Getting The Most Out Of Therapy

April 12, 2022

Getting The Most Out Of Therapy

Are you facing a change in your life or dealing with grief or loss? Have you experienced a recent crisis? Or is there something from your past that may be getting in the way of your current relationships or life? Are you experiencing frequent guilt, fear, anxiety, sadness, or mood swings? Or are there seemingly no big problems, and yet you still feel like your life or relationships are just not fulfilling or satisfying?

There are so many reasons to go to therapy. As JF&CS’ Licensed Clinical Social Worker Debbie Granovsky puts it, “Even Tiger Woods used a swing coach. When we struggle, we may go to the closest people we know for help, but sometimes friends and family can only help so much. If I break my arm, I won’t go to a neighbor to set it just because she broke her arm too.” Debbie says, “Therapists are trained and professional listeners. They help people figure out what’s in their control and what’s not, and then how to make the necessary changes to live a better life.”

Each counselor has their own way of working and creating a relationship of trust and understanding. “If you feel comfortable with the therapist,” says Debbie, “you can start exploring things together that may have been too difficult to look at alone.”

Find the right therapist...

The first step in getting the most out of therapy is to start therapy. To do that you must select a therapist. Debbie suggests starting out with a recommendation if you can. You can ask people in your community you trust. Your Rabbi, friends, or even a referral line are a good place to start.

As you talk to the therapist you can see if it feels like it’s a good fit. Before you set up the first appointment, briefly tell them what’s going on, and then you can ask them if they have experience with your issue(s), or what’s the therapy process like. Ask yourself how you feel when you talk to them. In the first few sessions you’re getting to know each other. Deep trust will take time, but you want someone you can see yourself talking to on a regular basis. They should be able to listen to you without judgements or preconceived notions. Notice if you’re feeling judged by them or supported by them.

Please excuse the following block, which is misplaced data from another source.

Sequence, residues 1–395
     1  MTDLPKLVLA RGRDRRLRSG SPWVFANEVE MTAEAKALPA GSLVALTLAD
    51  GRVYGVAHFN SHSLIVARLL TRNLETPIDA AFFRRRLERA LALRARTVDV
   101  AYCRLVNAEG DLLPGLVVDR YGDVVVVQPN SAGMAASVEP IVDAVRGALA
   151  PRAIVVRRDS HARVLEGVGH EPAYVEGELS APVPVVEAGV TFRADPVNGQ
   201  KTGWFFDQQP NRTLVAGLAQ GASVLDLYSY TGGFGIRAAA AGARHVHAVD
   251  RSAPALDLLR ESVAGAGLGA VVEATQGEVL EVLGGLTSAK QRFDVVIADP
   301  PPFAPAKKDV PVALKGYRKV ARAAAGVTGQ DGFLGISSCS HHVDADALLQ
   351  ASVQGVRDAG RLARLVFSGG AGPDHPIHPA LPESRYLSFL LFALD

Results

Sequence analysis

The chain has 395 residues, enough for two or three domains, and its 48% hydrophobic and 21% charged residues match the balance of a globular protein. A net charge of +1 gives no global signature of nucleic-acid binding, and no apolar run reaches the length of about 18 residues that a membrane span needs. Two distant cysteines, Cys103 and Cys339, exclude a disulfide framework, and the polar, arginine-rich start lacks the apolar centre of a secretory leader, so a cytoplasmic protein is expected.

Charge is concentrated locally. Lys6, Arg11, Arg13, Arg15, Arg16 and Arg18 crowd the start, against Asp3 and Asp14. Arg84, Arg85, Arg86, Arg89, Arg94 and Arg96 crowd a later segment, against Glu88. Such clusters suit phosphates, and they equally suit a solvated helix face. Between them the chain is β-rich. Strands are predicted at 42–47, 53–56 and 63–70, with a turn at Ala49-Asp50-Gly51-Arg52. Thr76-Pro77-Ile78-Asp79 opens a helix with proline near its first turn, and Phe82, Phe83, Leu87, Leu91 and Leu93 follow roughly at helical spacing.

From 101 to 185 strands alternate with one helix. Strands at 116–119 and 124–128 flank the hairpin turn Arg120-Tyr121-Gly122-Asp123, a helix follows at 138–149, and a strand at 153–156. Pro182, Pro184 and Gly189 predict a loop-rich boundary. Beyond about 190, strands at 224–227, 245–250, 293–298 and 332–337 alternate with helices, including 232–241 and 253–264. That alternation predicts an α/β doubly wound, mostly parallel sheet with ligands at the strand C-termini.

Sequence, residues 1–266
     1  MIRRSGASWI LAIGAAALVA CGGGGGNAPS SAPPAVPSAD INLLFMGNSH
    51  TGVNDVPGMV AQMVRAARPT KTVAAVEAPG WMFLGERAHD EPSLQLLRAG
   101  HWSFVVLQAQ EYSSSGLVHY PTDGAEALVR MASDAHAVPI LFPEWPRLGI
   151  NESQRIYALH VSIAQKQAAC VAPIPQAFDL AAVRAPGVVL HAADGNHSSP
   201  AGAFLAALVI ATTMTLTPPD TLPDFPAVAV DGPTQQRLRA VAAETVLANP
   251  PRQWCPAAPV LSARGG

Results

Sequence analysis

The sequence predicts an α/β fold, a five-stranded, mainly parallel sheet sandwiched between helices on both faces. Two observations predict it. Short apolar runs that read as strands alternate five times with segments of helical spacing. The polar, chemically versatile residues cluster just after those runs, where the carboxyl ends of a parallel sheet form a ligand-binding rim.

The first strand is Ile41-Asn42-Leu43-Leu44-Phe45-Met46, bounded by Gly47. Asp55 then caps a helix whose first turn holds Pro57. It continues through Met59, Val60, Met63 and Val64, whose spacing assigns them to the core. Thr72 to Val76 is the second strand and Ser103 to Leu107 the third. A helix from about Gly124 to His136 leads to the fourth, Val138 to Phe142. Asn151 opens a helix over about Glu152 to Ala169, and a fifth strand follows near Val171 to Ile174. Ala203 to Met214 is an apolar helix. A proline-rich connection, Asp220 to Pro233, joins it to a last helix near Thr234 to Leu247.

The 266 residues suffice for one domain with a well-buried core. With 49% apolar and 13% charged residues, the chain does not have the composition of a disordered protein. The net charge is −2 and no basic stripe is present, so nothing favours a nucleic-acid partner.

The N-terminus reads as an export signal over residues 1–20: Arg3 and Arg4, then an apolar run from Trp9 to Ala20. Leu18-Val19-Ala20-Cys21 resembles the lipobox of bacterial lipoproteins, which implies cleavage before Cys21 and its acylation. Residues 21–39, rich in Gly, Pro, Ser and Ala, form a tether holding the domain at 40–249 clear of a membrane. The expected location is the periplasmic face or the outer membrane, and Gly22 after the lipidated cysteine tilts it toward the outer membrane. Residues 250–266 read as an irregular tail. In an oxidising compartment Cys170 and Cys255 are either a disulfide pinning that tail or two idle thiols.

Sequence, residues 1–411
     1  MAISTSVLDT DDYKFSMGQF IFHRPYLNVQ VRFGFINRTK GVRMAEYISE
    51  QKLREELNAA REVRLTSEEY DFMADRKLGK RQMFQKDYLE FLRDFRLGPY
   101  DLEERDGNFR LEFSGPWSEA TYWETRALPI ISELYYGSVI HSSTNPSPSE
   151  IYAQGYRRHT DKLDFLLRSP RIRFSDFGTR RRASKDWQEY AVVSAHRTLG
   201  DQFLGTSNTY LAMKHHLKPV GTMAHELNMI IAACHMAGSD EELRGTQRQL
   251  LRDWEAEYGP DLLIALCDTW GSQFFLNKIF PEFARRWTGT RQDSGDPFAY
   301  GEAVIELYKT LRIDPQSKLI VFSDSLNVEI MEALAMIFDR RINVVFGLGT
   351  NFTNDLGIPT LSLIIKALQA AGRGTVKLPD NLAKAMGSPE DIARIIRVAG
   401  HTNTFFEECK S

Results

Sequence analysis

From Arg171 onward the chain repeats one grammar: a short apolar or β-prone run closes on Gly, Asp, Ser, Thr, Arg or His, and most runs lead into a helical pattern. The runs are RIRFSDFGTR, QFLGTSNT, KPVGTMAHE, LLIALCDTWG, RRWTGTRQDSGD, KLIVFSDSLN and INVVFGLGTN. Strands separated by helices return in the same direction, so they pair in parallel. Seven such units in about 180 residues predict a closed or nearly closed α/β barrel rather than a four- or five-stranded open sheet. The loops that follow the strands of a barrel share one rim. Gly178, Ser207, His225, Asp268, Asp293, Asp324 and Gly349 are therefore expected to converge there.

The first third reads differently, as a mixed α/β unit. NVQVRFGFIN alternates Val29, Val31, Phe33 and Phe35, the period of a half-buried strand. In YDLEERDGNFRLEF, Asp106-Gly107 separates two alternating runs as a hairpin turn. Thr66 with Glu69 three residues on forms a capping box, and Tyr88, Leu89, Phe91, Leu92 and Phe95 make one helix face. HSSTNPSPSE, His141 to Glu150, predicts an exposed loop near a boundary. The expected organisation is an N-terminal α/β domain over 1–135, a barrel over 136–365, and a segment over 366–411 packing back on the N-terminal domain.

... and fully invest

Therapy is an investment in time, money, and effort. So, once you find a therapist you trust, you will want to get the most out of the experience. Here are some suggestions on how to approach therapy to maximize your investment.

Be honest

It’s important to be as honest as possible with your therapist. According to Debbie, “The most common mistake someone in therapy makes, is not being honest and saying what they’re thinking.” It’s helpful to be open to all thoughts and emotions and express them; the therapist isn’t there to judge anyone. Debbie likes to say, “Therapists have many talents but being a mind reader isn’t one of them!”

“If the counselor says something that a client doesn’t agree with, that’s okay too,” says Debbie. “They need to let the counselor know. In fact, if you disagree, that’s a great opportunity to speak up and talk about that conflict or misunderstanding. If they just cancel the next appointment, then that closes the client off to any possible growth.”

Take risks

Therapy is a safe place where you can say things you wouldn’t ordinarily say. It’s an opportunity to explore things that may be hard to talk about. Are you hesitant to bring something up because you’re afraid you may be judged? That’s a common fear and it’s ok. You can tell your therapist that it’s hard or uncomfortable to talk about it. He/she will go slowly and make sure you feel comfortable (not overwhelmed or rushed or judged; let your therapist know if you’re ever feeling any of those things).